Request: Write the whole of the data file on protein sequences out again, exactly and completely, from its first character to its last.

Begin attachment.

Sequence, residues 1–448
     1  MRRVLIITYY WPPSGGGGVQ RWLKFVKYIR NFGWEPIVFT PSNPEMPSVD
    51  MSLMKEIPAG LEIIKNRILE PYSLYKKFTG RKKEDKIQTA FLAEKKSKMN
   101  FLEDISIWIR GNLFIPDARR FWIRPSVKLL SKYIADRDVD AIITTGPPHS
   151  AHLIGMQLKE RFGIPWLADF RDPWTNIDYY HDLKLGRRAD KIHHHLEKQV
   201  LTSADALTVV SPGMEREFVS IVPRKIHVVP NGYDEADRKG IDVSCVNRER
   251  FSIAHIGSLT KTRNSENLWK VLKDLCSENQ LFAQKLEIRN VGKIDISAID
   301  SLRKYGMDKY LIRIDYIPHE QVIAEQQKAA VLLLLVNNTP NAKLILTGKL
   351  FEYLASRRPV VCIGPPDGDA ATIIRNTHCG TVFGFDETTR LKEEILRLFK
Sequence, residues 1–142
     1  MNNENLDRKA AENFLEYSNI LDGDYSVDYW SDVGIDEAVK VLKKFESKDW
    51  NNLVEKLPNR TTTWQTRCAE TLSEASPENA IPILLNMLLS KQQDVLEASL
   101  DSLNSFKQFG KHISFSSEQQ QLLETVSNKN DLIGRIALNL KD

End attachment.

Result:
Sequence, residues 1–448
     1  MRRVLIITYY WPPSGGGGVQ RWLKFVKYIR NFGWEPIVFT PSNPEMPSVD
    51  MSLMKEIPAG LEIIKNRILE PYSLYKKFTG RKKEDKIQTA FLAEKKSKMN
   101  FLEDISIWIR GNLFIPDARR FWIRPSVKLL SKYIADRDVD AIITTGPPHS
   151  AHLIGMQLKE RFGIPWLADF RDPWTNIDYY HDLKLGRRAD KIHHHLEKQV
   201  LTSADALTVV SPGMEREFVS IVPRKIHVVP NGYDEADRKG IDVSCVNRER
   251  FSIAHIGSLT KTRNSENLWK VLKDLCSENQ LFAQKLEIRN VGKIDISAID
   301  SLRKYGMDKY LIRIDYIPHE QVIAEQQKAA VLLLLVNNTP NAKLILTGKL
   351  FEYLASRRPV VCIGPPDGDA ATIIRNTHCG TVFGFDETTR LKEEILRLFK
Sequence, residues 1–142
     1  MNNENLDRKA AENFLEYSNI LDGDYSVDYW SDVGIDEAVK VLKKFESKDW
    51  NNLVEKLPNR TTTWQTRCAE TLSEASPENA IPILLNMLLS KQQDVLEASL
   101  DSLNSFKQFG KHISFSSEQQ QLLETVSNKN DLIGRIALNL KD